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Is the Earth putting on weight....?

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ColinM
601469.  Wed Aug 19, 2009 6:24 pm Reply with quote

On which note:
OUP's Edpress News wrote:
It's is not, it isn't ain't, and it's it's, not its, if you mean it is. If you don't, it's its. Then too, it's hers. It isn't her's. It isn't our's either. It's ours, and likewise yours and theirs.

 
Susannah Dingley
601471.  Wed Aug 19, 2009 6:40 pm Reply with quote

ColinM wrote:
On which note:
OUP's Edpress News wrote:
Then too, it's hers. It isn't her's. It isn't our's either. It's ours, and likewise yours and theirs.

Thats the point Im trying to make to Moosh about nouns and pronouns.

 
bobwilson
601480.  Wed Aug 19, 2009 7:47 pm Reply with quote

Ah good idea. When a difficult to answer question is raised (such as whether the Earth is gaining mass due to the impact of sunlight) just change the subject to a discussion of apostrophes.

 
Davini994
601499.  Wed Aug 19, 2009 9:37 pm Reply with quote

Me wrote:
As was my first point, that the mass difference of a complex chemical structure to it's components is an extremely small amount. That's the important point to grasp with the question.

This was a typo which I've now corrected, just for you Susannah. We might have a case of Muphry's Law with this though:

Susannah Dingley wrote:
Because you only use an apostrophe with a noun. It is not a noun; it is a pronoun.

Wiki wrote:
Possessive pronouns and adjectives

No apostrophe is used in the following possessive pronouns and adjectives: yours, his, hers, ours, its, theirs, and whose.

All other possessive pronouns ending in s do take an apostrophe: one's; everyone's; somebody's, nobody else's, etc. With plural forms, the apostrophe follows the s, as with nouns: the others' husbands (but compare They all looked at each other's husbands, in which both each and other are singular).

(my bold).

Hopefully there will shortly be someone with authority (either Canadian, Polish or even both), along to confirm...

International Write Like a Moron Day

 
Posital
601508.  Thu Aug 20, 2009 1:56 am Reply with quote

bobwilson wrote:
Ah good idea. When a difficult to answer question is raised (such as whether the Earth is gaining mass due to the impact of sunlight) just change the subject to a discussion of apostrophes.
Yey - I'm with you - Kitten pictures are better...

 
Susannah Dingley
601530.  Thu Aug 20, 2009 3:19 am Reply with quote

Davini994 wrote:
Me wrote:
As was my first point, that the mass difference of a complex chemical structure to it's components is an extremely small amount. That's the important point to grasp with the question.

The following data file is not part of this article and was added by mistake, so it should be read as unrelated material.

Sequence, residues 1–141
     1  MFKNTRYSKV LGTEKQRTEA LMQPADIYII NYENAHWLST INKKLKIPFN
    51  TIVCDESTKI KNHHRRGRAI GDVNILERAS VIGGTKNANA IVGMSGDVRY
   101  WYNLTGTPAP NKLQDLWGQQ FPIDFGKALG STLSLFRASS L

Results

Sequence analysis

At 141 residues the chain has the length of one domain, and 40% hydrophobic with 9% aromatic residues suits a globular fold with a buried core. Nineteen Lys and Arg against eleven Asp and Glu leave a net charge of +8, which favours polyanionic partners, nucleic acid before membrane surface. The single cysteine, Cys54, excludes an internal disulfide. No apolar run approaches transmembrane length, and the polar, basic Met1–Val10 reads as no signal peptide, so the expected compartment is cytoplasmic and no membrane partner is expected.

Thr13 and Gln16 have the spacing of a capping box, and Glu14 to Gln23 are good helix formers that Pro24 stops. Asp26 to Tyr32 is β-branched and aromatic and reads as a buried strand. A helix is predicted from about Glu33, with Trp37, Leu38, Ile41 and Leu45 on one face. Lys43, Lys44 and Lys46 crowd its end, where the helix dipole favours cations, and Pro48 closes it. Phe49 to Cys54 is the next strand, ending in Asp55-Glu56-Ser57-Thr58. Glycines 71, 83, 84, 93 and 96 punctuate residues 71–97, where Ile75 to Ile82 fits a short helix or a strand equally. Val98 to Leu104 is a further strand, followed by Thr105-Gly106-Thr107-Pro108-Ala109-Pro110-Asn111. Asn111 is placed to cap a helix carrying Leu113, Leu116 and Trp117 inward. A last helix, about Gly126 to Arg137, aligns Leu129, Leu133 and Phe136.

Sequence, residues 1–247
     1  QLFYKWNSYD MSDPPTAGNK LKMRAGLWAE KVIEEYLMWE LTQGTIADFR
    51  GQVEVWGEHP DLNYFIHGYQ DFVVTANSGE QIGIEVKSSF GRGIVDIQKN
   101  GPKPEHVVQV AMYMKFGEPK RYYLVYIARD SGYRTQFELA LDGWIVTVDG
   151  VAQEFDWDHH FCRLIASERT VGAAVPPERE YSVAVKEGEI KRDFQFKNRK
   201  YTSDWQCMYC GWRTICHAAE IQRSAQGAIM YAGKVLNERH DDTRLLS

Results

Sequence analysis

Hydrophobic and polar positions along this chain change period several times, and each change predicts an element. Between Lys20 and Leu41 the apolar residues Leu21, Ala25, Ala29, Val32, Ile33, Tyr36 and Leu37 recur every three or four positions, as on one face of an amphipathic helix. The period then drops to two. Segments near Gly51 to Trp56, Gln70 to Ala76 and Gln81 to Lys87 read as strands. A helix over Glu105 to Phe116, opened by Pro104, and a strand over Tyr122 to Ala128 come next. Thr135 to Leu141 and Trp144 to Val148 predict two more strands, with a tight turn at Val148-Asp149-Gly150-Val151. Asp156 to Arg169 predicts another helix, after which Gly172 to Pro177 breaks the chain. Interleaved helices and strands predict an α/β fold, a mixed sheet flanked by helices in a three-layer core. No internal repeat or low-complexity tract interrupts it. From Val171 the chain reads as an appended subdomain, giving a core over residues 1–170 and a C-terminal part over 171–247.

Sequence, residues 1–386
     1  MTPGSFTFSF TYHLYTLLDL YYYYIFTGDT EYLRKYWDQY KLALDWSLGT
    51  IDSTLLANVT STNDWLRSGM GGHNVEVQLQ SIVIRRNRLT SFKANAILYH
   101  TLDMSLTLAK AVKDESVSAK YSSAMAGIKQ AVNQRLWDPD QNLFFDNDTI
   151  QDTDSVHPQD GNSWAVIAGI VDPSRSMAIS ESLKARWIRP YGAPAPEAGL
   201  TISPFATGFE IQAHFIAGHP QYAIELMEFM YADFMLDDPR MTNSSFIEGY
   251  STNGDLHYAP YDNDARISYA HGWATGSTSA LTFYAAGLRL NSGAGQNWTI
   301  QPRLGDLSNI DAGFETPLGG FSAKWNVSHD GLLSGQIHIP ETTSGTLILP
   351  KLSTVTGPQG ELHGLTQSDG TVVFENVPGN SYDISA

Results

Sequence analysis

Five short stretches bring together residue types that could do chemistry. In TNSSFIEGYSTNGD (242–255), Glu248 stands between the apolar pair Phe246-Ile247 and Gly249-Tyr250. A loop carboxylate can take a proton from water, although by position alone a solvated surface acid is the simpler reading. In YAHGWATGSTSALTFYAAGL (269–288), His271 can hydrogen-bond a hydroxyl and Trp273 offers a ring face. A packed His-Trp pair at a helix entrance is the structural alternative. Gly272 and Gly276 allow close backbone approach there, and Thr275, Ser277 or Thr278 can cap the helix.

This was a typo which I've now corrected, just for you Susannah.

Thanks!

 
ColinM
601551.  Thu Aug 20, 2009 4:04 am Reply with quote

bobwilson wrote:
Ah good idea. When a difficult to answer question is raised (such as whether the Earth is gaining mass due to the impact of sunlight) just change the subject to a discussion of apostrophes.

Haven't we already pretty much covered that question? Sunlight will have added a tiny amount of mass to the Earth which will have been swamped by various other effects. Not a very conclusive answer perhaps, but I doubt we'll get better.

Oh, and I've thought of another rather obvious factor: Over the last sixty-odd years a group of apes have been chucking stuff off the Earth, usually into orbit.

 
gruff5
601577.  Thu Aug 20, 2009 5:53 am Reply with quote

....and brought hundreds of kilograms of stuff back from the Moon.

Radioactive decay in the earth and then the radiation of that lost mass away from the Earth as heat needs to be figured in as well.

I think the addition of micrometeorites (dust) to the Earth every day is in the order of thousands of tonnes - so, I guess that will swamp all of these other considerations.

Next question, please.

 
suze
601629.  Thu Aug 20, 2009 8:43 am Reply with quote

Davini994 wrote:
Hopefully there will shortly be someone with authority (either Canadian, Polish or even both), along to confirm...


And British as well, these days!

Susannah is ultimately quite right of course, and she's by no means the only person who gets upset when its and it's are used incorrectly. An awful lot of people do get them wrong though; indeed some studies which have been done suggest that it's gotten wrong more often than right.

What's more, I know that I stick the unwanted apostrophe in once in a while, as does just about everyone (I won't name names here, but I've spotted it on these forums from a number of users from whom one mightn't expect it). Personally, I've never really seen the point of calling people on such things though. First of all it's a little undignified, and secondly, I just know that if I call you on some feature of grammar, then I'll make exactly the same mistake in my very next post.